Monthly Archives: May 2007

Brian Glick, editor of Computing, writes in his diary column: Clearly, nobody wants to see George Orwell proved right. Privacy and personal freedom are fundamental tenets of our society and should never be compromised. But surely, adhering to knee-jerk reactions to any new technology that could be perceived as potentially infringing these rights is every bit as much of an example of the totalitarian tendencies that Orwell’s 1984 was all about. The only difference is that the jerking knee means the agenda is being controlled not by an intrusive state but by a reactionary minority with their own agenda and political dogma. I have often heard the argument that the danger with something like identity cards is how do we know a future government might not want to use the information in ways we can not foresee. Frankly, if we find ourselves with a government that thinks that way, ID […]

Pessimism over new technology must end

Mark Ballard writes in The Register: The Office of Government Commerce has appealed against an order by the Information Tribunal that it must publish official documents that assess the justification for the government’s identity card scheme. Meanwhile, speculation over Prime-Minister-in-waiting Gordon Brown’s support for the programme has been see-sawing for lack of any real substance. The clerk of Mr Robin Tam QC, the OGC’s legal representative, ran round to the high court this morning to file the office’s appeal against an order given by the Information Tribunal on 3 May that it should publish the Gateway Reviews it had performed on the identity card scheme in 2003 before the project was given official approval. The OGC refuses to publish Gateway Reviews on the grounds that their disclosure would discourage their contributors from making truthful submissions to the process. Aside from giving a traffic-light indication of a project’s health, early Gateways […]

Gov. resists ID card scrutiny

The FT leader-writer has learned that The Office of Government Commerce is to appeal to the High Court over the Information Tribunal’s ruling that the ID Cards gateway review should be published, and disapproves: [The] tribunal found that while a “safe space” may be needed for a time to conduct such reviews, the passage of time leads to the public interest in disclosure outweighing that. On a project as critical and controversial as ID cards, that is clearly the case. It is to be hoped that the High Court, too, sees it.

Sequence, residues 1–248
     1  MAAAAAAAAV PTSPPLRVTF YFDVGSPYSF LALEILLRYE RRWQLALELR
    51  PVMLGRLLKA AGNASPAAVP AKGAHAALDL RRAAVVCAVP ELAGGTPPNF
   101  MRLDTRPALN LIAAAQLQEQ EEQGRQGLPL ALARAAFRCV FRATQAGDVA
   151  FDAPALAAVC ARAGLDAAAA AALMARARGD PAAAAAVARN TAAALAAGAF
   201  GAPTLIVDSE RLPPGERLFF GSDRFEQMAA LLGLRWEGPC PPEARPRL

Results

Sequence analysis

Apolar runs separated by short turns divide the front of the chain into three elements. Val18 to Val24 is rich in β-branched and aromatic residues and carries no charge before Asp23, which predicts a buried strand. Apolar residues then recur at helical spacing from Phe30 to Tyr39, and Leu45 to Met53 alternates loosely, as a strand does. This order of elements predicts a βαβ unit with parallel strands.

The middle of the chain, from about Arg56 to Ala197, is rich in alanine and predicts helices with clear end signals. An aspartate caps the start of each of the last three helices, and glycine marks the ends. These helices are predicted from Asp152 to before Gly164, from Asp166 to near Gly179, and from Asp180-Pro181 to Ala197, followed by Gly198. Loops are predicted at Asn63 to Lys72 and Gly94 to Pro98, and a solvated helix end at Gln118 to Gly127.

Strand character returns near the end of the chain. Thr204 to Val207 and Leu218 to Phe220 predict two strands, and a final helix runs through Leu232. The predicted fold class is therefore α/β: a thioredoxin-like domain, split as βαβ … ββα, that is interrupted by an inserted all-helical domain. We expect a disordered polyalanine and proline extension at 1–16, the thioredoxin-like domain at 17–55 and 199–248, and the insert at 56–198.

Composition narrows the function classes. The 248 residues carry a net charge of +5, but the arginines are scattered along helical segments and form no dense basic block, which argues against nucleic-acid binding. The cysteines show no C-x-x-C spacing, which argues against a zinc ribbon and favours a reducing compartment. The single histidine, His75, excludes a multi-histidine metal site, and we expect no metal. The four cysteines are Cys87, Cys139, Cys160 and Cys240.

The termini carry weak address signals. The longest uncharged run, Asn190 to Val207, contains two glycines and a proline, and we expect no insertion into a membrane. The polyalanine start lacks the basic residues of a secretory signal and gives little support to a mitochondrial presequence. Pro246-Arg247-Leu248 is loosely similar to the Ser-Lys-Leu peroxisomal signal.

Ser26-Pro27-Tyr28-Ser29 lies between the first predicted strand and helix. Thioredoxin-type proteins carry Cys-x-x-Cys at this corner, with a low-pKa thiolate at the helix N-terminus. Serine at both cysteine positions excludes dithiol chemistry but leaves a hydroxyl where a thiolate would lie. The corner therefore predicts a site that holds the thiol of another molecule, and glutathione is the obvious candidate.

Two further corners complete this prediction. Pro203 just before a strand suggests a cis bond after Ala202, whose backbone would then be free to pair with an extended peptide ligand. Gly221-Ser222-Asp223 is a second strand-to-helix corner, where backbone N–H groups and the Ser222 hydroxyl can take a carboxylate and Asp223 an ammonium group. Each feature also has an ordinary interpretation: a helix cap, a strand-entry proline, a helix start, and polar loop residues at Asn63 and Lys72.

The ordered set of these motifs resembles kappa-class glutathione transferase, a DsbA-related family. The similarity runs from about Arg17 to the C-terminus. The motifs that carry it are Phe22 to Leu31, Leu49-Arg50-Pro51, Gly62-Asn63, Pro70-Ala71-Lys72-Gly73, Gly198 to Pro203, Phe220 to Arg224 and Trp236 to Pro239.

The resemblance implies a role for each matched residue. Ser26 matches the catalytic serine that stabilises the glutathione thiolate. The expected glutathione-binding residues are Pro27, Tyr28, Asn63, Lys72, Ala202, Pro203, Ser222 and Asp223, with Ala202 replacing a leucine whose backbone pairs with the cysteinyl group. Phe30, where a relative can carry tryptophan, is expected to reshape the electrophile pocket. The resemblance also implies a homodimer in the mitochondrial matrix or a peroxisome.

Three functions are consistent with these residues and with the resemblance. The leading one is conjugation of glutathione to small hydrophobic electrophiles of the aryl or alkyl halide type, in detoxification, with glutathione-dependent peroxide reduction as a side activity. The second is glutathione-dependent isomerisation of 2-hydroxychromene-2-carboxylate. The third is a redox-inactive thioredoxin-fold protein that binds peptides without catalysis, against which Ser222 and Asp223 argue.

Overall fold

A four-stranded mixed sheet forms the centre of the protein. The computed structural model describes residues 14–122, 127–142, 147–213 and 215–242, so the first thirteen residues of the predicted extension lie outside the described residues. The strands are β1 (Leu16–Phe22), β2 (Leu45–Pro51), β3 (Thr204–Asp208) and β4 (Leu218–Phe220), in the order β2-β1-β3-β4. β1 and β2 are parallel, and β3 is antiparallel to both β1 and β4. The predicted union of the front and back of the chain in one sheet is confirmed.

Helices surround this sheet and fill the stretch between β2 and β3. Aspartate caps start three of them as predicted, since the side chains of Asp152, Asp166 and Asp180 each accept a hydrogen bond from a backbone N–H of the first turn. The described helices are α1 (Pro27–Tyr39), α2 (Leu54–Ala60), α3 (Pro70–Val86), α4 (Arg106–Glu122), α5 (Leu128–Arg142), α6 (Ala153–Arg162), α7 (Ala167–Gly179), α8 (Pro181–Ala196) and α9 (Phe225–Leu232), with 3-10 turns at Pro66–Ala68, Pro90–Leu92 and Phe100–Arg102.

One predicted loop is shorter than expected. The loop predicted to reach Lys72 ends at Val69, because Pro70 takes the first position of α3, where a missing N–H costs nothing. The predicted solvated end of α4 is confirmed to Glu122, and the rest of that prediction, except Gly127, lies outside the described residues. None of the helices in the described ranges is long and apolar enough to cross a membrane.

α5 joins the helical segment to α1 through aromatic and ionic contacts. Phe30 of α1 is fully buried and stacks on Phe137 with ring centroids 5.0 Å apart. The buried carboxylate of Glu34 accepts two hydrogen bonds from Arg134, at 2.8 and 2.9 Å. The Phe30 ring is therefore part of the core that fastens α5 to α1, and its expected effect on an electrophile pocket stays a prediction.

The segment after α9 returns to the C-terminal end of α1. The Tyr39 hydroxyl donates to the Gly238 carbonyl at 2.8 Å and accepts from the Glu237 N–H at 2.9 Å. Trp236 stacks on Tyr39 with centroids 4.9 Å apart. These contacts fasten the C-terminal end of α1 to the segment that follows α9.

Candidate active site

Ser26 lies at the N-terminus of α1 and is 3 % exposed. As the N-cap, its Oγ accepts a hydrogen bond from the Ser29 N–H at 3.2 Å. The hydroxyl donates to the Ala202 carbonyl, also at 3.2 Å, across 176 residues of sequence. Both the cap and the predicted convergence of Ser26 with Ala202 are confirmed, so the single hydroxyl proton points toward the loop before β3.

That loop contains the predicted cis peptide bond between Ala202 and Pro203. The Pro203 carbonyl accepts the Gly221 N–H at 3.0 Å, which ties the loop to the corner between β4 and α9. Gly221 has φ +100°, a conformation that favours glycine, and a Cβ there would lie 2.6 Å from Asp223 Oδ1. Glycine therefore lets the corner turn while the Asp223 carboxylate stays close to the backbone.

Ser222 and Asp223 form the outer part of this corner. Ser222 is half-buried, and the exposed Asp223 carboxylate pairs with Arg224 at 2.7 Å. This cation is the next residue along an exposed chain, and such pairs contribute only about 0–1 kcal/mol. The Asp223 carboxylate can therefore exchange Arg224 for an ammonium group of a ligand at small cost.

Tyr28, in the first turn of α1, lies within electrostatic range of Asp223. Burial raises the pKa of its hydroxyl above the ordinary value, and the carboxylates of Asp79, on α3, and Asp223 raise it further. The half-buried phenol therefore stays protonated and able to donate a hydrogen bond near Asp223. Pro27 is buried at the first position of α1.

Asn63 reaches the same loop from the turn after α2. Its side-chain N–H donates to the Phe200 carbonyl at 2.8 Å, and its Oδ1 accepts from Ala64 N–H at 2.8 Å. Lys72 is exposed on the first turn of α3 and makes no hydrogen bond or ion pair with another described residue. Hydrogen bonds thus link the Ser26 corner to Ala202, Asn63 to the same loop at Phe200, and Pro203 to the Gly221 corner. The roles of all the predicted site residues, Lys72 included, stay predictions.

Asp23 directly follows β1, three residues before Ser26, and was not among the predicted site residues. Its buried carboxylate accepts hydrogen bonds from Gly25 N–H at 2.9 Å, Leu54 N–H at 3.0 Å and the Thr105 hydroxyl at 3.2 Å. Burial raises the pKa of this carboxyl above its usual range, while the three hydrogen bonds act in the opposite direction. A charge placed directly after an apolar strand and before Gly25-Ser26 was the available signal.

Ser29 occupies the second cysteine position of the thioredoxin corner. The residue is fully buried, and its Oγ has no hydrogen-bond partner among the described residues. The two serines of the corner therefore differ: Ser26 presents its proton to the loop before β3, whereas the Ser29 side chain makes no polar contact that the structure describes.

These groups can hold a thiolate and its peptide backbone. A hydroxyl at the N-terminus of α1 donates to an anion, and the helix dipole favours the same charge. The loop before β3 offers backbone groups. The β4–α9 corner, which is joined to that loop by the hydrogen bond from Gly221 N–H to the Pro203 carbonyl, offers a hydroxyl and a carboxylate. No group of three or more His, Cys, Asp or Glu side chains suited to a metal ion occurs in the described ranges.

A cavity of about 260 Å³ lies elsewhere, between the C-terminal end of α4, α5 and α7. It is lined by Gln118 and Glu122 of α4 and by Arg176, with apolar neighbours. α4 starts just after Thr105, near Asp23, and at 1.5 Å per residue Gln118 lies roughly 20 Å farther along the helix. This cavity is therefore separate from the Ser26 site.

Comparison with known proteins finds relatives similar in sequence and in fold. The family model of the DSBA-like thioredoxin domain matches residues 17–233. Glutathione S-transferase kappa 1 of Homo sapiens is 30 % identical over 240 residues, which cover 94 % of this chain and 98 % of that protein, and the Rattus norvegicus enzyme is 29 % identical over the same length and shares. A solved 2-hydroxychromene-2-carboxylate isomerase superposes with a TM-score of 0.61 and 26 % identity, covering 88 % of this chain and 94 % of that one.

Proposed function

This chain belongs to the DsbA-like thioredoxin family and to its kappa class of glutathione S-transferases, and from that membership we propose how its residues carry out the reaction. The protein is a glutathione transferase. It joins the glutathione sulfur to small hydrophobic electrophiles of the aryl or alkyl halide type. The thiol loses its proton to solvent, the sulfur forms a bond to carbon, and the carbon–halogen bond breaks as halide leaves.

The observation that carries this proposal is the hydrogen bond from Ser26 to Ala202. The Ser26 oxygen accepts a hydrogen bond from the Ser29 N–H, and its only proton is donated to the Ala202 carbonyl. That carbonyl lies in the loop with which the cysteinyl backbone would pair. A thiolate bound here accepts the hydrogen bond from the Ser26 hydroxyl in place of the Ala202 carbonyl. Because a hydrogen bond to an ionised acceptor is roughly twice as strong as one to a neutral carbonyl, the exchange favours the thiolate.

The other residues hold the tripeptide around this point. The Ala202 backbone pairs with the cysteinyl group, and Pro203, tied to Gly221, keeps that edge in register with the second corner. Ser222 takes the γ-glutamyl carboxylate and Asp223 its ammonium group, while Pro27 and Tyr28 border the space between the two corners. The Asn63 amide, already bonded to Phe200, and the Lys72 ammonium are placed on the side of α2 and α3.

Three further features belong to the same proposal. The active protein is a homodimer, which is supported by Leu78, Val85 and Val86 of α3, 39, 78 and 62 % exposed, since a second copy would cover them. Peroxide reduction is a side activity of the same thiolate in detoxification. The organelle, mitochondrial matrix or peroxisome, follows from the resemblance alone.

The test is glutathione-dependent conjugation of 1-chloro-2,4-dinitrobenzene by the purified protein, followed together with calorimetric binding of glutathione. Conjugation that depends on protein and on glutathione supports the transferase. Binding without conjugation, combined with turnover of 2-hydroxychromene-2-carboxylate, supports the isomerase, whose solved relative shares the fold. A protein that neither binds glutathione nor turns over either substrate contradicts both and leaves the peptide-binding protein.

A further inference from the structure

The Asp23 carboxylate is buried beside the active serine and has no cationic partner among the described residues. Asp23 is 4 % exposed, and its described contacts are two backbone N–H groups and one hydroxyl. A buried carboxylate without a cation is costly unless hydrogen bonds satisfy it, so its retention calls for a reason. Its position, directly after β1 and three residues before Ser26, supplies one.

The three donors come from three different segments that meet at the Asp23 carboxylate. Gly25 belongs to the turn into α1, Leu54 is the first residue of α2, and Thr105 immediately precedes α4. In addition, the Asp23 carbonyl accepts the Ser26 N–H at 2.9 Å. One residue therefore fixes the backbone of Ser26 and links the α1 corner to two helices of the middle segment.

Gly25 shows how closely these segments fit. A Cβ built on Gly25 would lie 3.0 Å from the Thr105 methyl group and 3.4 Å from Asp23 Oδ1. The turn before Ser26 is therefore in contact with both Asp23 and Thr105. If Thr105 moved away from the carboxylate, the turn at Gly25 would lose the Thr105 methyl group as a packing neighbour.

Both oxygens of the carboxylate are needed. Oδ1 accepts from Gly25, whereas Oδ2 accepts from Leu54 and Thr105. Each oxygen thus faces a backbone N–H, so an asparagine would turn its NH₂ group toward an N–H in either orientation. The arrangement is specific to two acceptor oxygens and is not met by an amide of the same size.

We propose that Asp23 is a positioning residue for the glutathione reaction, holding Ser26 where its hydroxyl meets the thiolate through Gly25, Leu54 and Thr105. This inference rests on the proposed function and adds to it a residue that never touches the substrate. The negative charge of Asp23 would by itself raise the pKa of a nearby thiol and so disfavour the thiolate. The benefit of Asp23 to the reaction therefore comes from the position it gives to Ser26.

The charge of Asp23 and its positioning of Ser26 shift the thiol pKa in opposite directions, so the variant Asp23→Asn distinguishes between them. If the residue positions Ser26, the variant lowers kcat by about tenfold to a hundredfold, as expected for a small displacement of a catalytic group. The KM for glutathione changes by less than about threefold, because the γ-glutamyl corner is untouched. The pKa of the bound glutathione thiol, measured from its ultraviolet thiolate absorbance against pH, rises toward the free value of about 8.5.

Brown should back open government

Ian Bell writes in The Herald: This is the most surveilled – apologies for the grotesque verb – society in the western world. Anonymity, discretion, a private life are no longer permitted. We have cameras like a voyeurs’ orgy on every village lamppost and a data file for every subject in every Tesco. We will shortly endure identity cards, bio-specific plastic parasites to match our store cards, without which ordinary life will become impossible. Loyalty, then, with bonus points, for all. And will we be more safe?

Assaults on our liberty will spark a real crisis

From the Guardian editorial: Most hardened lags coming to the end of their stretch inside would be minded to keep their heads down. Not Tony Blair. Ten years into his term, the prime minister yesterday came up with some fresh ideas for tackling the threat of terrorism. They include giving police officers in the UK the power to stop and interrogate individuals about their identity and their movements. Those questioned need not be suspected of any crime, yet failure to comply could land them with a criminal conviction and a fine of £5,000. New powers they may be, but the thinking behind them is well-worn. For Mr Blair further erosion of individual freedoms is a fair trade for greater security against the threat of terrorism. “We have chosen as a society to put the civil liberties of the suspect … first,” he wrote yesterday and warned: “This extremism, operating the […]

Stop and rethink

David Davis writes in The Independent: As Tony Blair reflects on his legacy, Taking Liberties, a film released on 8 June, documents how New Labour has undermined our ancient British freedoms over the past decade. The Government says the rules of the game have changed: the terrorist threat has escalated and we must trade some freedom for our security. That assessment is superficial. New Labour has undermined our freedoms, but the most damning indictment is the liberty taken with our security in the process. Each shortcut the Government takes with our freedoms masks a shortcoming in its counter-terrorism strategy. … The DNA database holds data on 100,000 innocent children, but serious criminals are left off. ID cards are touted as the answer to all our problems. But experts say that ID cards will cluster our personal information in one place, making it a prime target for criminals and terrorists.

David Davis: So, Chancellor, will you return the freedoms we ...

Readers may be interested to see the archaeology of previous government projects to track citizens at the Fuchs’ brothers website which has an eerie set of photos of the Stazi’s secret rooms where they stored files on every person in East Germany (and even jars containing underwear used to identify people by the smell). If the technology had been around then, they would certainly have been building a National Identity Register and DNA swabbing everyone they could. The images are a haunting portrait of a dangerously paranoid government. See more at the Fuchs’s site

Images of Government Snooping

Michael Cross writes in The Guardian about the dangers of creating a single point of failure (such as a National Identity Register) in any national government infrastrusture: A decade after we nerds started using the term, “e-government” has entered the chattering class’s lexicon. “E-government? Isn’t that what they call the town council in Yorkshire?” one of the wags on Radio Four’s News Quiz quipped last week. The reference was to a special case of e-government, Estonia, and the claim that its online existence was under attack from Russia. Estonia is a special case because the Baltic state has one of the world’s most advanced electronic administrations. On independence, it took advantage of small size and made a clean sweep of obsolete Soviet bureaucracy, installing a state-of-the art government machine. For the past few years, it has been hailed as an exemplary e-government, where citizens and businesses enthusiastically sign on to […]